When I use SSDT to update my local DB, it takes 3 minutes, during which Visual Studio is thrashing the CPU. When I use it from my computer to update an identical remote DB, it takes only half a minute, and Visual Studio doesn't use any CPU. My local computer is not less powerful than the remote one, and certainly my local SQL Server (2016 Developer) has a much lower workload.

I ran the SQL Server profiler, and there are no long running queries - after all, it's Visual Studio that's thrashing, not SQL Server.

What could be causing the same instance of Visual Studio to be so much slower when updating a local DB than when updating a remote DB? Or how can I debug this?


When there are differences in timing for deploying, there are a few things to look at:

  1. Are connections being made in the same way (protocol, etc)? You can check by running the following query on both instances:

    SELECT *
    FROM sys.dm_exec_connections conn
    INNER JOIN sys.dm_exec_sessions sess
            ON sess.[session_id] = conn.[session_id]
    WHERE [nt_user_name] <> N'SQLSERVERAGENT';
  2. Are there any Linked Servers being used? If so, then it's possible that security setup differences between the two instances.

  3. Is the instance-level default Collation the same on both SQL Servers? Database-level default Collation is "typically" in sync, especially if you are using "deploy database properties". Instance-level Collation mostly affects variable names and cursor names, so the idea here is that potentially the schema compare that SSDT does in order to figure out the incremental update, might be impacted.

  4. Are you deploying using the same SSDT Profile & options? Different settings could produce different rollout timings.

  5. Are there any other differences between the two instances?

In this particular case, there was a difference between the two instances: the remote instance is actually SQL Server 2008 R2, not 2016. Also, the instance-level default Collation was different between the two instances.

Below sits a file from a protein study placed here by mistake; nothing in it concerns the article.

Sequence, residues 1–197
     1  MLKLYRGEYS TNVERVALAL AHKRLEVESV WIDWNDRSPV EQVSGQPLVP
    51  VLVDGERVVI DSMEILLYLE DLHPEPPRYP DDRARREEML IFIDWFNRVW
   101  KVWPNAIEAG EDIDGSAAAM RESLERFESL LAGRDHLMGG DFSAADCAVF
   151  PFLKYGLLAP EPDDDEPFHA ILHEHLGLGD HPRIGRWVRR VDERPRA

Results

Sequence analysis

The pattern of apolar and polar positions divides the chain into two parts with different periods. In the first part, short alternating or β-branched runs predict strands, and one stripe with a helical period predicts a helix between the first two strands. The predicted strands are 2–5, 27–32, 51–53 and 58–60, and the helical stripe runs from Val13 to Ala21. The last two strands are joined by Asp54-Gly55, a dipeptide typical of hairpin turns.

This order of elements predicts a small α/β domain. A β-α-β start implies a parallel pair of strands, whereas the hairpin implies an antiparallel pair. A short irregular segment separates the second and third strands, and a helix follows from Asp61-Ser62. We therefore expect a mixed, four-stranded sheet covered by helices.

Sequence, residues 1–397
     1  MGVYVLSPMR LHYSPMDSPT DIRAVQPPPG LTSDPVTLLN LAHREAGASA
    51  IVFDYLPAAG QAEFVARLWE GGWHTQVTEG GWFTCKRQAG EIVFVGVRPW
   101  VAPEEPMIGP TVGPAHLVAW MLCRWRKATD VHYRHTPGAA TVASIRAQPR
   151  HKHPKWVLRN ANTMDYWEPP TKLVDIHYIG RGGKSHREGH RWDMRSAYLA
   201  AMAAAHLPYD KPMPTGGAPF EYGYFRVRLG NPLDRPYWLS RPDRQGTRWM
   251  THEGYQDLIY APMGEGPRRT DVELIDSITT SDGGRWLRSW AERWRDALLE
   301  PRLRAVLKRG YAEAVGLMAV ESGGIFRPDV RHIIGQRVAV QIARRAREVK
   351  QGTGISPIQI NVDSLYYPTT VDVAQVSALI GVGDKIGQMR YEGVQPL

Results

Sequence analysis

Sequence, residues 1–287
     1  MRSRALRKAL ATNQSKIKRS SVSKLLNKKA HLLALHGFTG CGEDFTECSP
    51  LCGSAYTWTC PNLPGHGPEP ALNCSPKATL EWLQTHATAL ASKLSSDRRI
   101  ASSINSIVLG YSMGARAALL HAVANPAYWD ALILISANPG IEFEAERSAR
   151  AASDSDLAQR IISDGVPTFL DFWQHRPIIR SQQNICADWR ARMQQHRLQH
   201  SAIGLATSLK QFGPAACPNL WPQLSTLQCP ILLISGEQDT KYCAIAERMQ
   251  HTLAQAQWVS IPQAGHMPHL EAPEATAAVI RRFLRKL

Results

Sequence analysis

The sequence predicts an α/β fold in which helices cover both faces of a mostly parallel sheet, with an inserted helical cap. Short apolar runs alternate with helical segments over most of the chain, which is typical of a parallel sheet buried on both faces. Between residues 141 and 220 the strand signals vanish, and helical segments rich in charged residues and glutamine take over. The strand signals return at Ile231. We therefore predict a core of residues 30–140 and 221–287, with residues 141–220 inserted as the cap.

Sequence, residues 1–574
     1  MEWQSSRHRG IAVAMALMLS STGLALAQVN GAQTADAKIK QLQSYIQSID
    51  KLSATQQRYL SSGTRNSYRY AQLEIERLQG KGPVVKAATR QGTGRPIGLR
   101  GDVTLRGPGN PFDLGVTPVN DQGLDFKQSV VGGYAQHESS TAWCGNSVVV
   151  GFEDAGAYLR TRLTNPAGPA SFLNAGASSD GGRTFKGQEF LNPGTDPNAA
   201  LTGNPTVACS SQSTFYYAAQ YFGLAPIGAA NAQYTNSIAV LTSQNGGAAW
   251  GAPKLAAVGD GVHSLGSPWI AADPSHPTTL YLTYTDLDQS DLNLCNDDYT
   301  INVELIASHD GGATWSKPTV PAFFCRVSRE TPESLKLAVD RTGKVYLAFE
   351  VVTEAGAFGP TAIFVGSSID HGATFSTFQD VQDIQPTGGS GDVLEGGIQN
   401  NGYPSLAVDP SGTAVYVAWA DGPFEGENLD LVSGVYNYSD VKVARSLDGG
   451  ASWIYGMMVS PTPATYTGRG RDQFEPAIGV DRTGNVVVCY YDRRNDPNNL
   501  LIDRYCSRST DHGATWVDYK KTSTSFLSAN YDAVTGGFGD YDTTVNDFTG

With that info, I would suggest a few things to try:

  1. In your DB project properties, if the "Target Platform" is set to 2008 R2, then try changing it to 2016 and just deploy locally to see if that makes a difference.

  2. If not, then to test the default Collation thing, create a new instance locally with the same default collation as the 2008 R2 instance

  3. Try installing 2008 R2 Express locally (use the same default Collation as remote instance), and publish to it.

In this particular case, the "Target Platform" was set to "2008 R2", and changing it to "2016" resolved the issue for publishing locally. Of course, it is quite likely that the DDL generated for SQL Server 2016 will cause some errors in 2008 R2, though that could be in just the "create" script and not an issue for incremental deployment scripts. It still might be necessary to enable the "Allow Incompatible Platform" option. If there are issues with "2016" being the "Target Platform" for also publishing to the 2008 R2 instance, then you might need separate SSDT Publishing Profiles.

P.S. I must say, though, that ideally, if the remote 2008 R2 instance is the shared Dev / QA / Production server, then the local instance should also be 2008 R2 so that you are developing on the same environment as you are deploying to :-).

| improve this answer | |
  • 2008 R2 is not compatible with Windows 10 which I have - you get warned during installation, and it did cause problems. I have compatibility mode set to 2008, so I assumed it's more or less the same thing as a 2008 server. – wezten Sep 21 '16 at 7:02
  • @wezten ah, ok. I guess if you can't do 2008 R2, then 2016 is fine. There will still be differences, even with compatibility mode set to 2008, but that's why you test on a shared Dev server, and then on a shared QA server :-). – Solomon Rutzky Sep 21 '16 at 18:17

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